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Pediatr Res. 2010 May;67(5):505-8. doi: 10.1203/PDR.0b013e3181d35017.

Protacs for treatment of cancer.

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Department of Pediatrics, David Geffen School of Medicine at UCLA, Los Angeles, California 90095, USA.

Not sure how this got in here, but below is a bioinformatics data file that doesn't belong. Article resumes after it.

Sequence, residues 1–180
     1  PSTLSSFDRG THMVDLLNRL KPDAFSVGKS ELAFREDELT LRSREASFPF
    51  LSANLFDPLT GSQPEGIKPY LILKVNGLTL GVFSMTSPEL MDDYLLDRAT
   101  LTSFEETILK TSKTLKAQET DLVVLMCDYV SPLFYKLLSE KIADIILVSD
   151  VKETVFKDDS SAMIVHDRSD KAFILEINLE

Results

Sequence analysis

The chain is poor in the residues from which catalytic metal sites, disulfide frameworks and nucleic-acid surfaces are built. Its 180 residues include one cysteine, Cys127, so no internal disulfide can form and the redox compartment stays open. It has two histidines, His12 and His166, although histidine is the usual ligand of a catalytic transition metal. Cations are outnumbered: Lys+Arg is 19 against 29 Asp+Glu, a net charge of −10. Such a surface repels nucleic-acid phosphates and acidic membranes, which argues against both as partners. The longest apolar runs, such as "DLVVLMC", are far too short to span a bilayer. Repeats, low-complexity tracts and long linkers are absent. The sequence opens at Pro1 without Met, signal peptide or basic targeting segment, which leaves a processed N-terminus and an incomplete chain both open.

Protein degradation is the cell's mechanism of eliminating misfolded or unwanted proteins. The pathway by which proteins are degraded occurs through the ubiquitin-proteasome system. Ubiquitin is a small 9-kD (kDa) protein that is attached to proteins. A minimum of four ubiquitins are required for proteins to be recognized by the degradation machinery, known as the 26S proteasome. Defects in ubiquitination have been identified in a number of diseases, including cancer, neurodegenerative diseases, and metabolic disorders. We sought to exploit the delicate balance between protein synthesis and degradation to treat cancer by designing a chimeric molecule, known as Protac (Proteolysis Targeting Chimeric molecule). Protacs are heterobifunctional nanomolecules that are approximately 10 nm in size and can recruit proteins that cause cancer to the ubiquitin-proteasome machinery for degradation. In this review, we discuss the development of this novel technology for the treatment of cancer.

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